All of these references would be funny, if it felt like Maniac was deploying them in the interest of parody, or of saying something about their goofiness. There have been points during the show where I thought that’s what was happening. But I don’t think so.
The closest “Utangatta” comes to real pathos and a real sense of culmination for the season is in Annie’s final conversations with GRTA and Ellie. When Annie says that she doesn’t want to pretend Ellie didn’t die, it’s the first time she’s actually admitting that she’d been lying about it, something that wasn’t necessarily clear from earlier in the season. When she tells GRTA “You’re always gonna feel this way. You’re just going to have to figure out how to adjust around it” as a way of helping the AI get over her dead lover, she’s baldly stating the “lesson” of this plot, without much to explain how she came to the conclusion—and Emma Stone’s performance makes it work through sheer force of will. Putting aside the fact that this doesn’t really feel like dialogue Annie would say (it feels much more believable when Annie tells Ellie she was drunk at the funeral), this is pretty basic stuff that these characters could have learned in therapy! Did Annie really need to go through the trauma of this trial when she could have just talked to a picture of her sister for a while?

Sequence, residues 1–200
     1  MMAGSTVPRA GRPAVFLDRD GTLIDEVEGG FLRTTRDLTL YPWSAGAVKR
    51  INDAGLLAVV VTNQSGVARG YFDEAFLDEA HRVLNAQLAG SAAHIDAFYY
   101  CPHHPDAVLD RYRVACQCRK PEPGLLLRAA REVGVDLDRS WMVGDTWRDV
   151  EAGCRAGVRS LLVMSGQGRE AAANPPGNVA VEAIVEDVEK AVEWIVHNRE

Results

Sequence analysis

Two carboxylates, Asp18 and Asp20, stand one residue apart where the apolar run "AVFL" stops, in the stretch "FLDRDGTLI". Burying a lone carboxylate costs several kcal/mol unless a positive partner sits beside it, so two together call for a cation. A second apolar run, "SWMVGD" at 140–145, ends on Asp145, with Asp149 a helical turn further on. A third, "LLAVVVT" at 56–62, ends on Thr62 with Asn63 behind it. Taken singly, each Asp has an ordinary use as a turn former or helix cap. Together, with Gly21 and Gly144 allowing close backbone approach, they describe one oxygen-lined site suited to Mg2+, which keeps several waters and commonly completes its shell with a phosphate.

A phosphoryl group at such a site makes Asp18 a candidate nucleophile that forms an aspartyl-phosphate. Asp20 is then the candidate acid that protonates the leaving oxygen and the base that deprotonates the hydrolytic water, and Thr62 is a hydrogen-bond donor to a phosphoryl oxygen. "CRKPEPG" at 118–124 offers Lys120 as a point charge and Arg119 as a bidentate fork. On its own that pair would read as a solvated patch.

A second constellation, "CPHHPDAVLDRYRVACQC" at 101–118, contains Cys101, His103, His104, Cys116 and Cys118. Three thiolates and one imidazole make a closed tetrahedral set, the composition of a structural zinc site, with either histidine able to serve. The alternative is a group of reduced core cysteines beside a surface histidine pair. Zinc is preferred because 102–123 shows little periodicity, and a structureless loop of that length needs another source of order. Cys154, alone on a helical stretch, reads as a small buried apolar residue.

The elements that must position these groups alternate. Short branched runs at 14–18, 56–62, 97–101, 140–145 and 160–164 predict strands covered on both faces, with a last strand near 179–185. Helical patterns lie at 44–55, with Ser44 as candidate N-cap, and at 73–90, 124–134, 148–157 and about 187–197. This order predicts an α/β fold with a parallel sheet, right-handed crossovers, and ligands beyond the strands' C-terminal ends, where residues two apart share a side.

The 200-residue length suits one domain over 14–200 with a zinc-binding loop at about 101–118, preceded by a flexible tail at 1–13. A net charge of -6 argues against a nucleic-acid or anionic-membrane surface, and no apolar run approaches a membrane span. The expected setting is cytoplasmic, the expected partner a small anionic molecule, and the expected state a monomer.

This, I think, is one of the more fundamental problems with Maniac: The show wants to say something about mental health and how people process trauma and grieve, but it’s unclear what, exactly, that something is. Grimsson tells Owen he’s the brother he wishes he had, which, what? This is supposed to be the equivalent of Annie accepting her sister’s death, but the very strained reading that supports this would essentially argue that Grimsson existed as a family member who would help give Owen purpose rather than as a manifestation of schizophrenia or whatever other condition he’s supposed to have, which does not fly.
Lots of “Utangatta” is fun, but it’s also mostly the sorts of chaotic and climactic twists that are supposed to happen in this kind of TV show rather than things that happen because they come organically or artistically from anything else that’s happened, or something that stems from a broader purpose in regards to mental health. “Sometimes people leave and we don’t know why” is a fundamental truth that’s worth trying to express in art, but just trying to express that truth while cloaking it in smoke and mirrors isn’t nearly enough.
- One of the orderlies gruffly mutters to another, “Took that man two whole days to blow this motherfucker up.”
- Going to reiterate how much I enjoy Jonah Hill saying “You are very good at gun!” I’m actually not sure Maniac thinks about itself as a comedy now? Which is too bad, because the slimmer episodes trying to mostly do comedy are by far the best episodes of the show.
- The realization of the true nature of the reflection comes in the form of nosebleeds, which leads to one decent joke that seems to reference the anime trope of boys getting nosebleeds when they’re horny. (Though, if that’s the point of the joke, then the idea is that Grimsson wants to make his fictional brother horny? I guess?)